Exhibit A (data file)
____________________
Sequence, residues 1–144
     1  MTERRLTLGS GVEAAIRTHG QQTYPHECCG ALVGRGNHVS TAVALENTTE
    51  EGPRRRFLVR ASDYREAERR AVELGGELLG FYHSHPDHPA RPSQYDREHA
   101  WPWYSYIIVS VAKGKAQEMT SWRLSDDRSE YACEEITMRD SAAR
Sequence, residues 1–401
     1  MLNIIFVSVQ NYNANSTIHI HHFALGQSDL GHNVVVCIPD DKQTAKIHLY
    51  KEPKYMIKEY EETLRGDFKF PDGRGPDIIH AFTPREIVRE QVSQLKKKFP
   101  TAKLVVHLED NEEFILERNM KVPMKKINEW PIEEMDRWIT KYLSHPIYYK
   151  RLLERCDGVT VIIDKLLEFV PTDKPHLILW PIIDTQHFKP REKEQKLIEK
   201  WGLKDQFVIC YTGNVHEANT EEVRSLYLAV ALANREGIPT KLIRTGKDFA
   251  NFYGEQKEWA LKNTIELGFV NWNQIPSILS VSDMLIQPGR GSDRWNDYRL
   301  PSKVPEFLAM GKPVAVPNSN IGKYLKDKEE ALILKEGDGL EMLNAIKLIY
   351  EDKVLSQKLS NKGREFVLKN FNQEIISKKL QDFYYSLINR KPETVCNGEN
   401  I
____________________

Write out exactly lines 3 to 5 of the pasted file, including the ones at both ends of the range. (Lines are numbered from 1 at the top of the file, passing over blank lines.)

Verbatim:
    51  EGPRRRFLVR ASDYREAERR AVELGGELLG FYHSHPDHPA RPSQYDREHA
   101  WPWYSYIIVS VAKGKAQEMT SWRLSDDRSE YACEEITMRD SAAR
Sequence, residues 1–401